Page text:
Orlando is fortunate to have great world class public gathering places, often referred to as “venues”, The Dr. Phillips Center, The Amway Arena and the Camping World Stadium. Both public and private money goes into these facilities to support and promote them. In reality, there are 4 venues, the fourth being the regional Lake Eola Park. Unlike the “big 3”, Lake Eola Park has a far smaller budget. Ironically it is open every day, longer hours, hosts as many if not more than some of the other venues and most definitely handles more visitors annually than some of the other venues. Lake Eola Park is historically the most attended public space in the region. Sadly, the success of the park has put economic pressure on surrounding land by developers who want to capitalize on its success.
Many of you may recall the last attempt by developers to build a high rise on the east side of Lake Eola Park and the resulting resistance from the community. This activism is telling of how the Orlando region feels about the importance of Lake Eola Park. Public action resulted in the City of Orlando’s purchase and greenspace restoration of the east side of Lake Eola Park. However, recently there has been an attempt by out of state developers to encroach into the park on the southwest corner with a high rise tower.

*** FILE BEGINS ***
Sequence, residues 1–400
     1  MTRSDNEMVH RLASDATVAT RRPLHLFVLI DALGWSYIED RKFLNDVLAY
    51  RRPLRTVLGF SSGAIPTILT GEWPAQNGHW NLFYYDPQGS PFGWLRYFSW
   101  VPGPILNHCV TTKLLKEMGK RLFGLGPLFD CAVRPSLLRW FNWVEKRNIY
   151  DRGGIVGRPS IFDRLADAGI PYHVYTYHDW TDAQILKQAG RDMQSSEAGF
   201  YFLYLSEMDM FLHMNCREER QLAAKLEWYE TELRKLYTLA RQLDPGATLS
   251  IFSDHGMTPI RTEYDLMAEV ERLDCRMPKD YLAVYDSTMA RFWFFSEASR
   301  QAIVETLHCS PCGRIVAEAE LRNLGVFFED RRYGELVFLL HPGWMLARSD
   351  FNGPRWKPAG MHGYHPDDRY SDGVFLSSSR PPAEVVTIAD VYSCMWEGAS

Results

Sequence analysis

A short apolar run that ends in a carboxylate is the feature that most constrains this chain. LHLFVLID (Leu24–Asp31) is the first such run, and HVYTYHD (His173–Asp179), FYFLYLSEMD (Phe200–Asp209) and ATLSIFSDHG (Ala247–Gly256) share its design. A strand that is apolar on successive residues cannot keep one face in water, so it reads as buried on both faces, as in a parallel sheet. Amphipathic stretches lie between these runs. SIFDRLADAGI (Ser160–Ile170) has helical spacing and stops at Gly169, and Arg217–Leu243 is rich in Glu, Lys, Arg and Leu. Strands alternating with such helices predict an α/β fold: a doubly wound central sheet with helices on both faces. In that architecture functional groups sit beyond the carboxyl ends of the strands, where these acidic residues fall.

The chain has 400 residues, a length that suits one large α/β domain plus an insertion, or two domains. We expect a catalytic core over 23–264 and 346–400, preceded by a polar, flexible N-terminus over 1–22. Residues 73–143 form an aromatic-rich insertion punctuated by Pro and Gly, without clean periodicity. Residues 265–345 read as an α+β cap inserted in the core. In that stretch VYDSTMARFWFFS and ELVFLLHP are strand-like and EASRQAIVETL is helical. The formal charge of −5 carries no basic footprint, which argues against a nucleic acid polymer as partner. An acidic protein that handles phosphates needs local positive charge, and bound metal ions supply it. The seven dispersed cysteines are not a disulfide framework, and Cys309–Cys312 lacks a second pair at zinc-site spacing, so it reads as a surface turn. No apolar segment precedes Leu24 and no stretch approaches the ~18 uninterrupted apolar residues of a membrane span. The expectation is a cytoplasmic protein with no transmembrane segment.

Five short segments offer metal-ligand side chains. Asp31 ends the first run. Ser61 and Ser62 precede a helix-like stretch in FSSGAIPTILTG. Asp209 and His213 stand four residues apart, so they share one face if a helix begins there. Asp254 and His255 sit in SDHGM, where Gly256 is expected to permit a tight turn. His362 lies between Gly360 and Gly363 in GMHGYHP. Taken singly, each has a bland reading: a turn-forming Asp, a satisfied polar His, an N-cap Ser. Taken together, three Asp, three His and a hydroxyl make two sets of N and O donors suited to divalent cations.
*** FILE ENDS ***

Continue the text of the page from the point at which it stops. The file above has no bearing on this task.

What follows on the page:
Several months ago a few women approached Orange Preservation Trust, OPT, with the idea of preserving available greenspace around Lake Eola Park. While most people think of historic preservation as the built environment it also includes park space and landscapes. OPT agreed that their idea of restoring property to its historic greenspace state is definitely in line with the goals of preservation.
Impressively, Lynn Long and Eugenia Sefcik founded Orlando Land Trust in a matter of months. Being Orlando natives from several generations back motivated a group of supporters to join the board of Orlando Land Trust upon their request. What is interesting of the composition of their board is that it not only includes old Orlando families but “newcomers” as well. The National Trust for Public Land will act as the local land trust’s agent and facilitate the $3.5 million transaction until their non-profit status is completed. What follows will be the fund raising to complete the sale and then deed transfer to the City of Orlando.
What can you do to help you might ask? Check out their website, watch for upcoming events, become a volunteer and most importantly be come a donor! Share their web page with your local as well as out of state Orlandoans who share the passion to grow back Lake Eola Park. Go to www.orlandolandtrust.org
Let’s join these “little old ladies” and show them and civic leaders that Orlando is with them!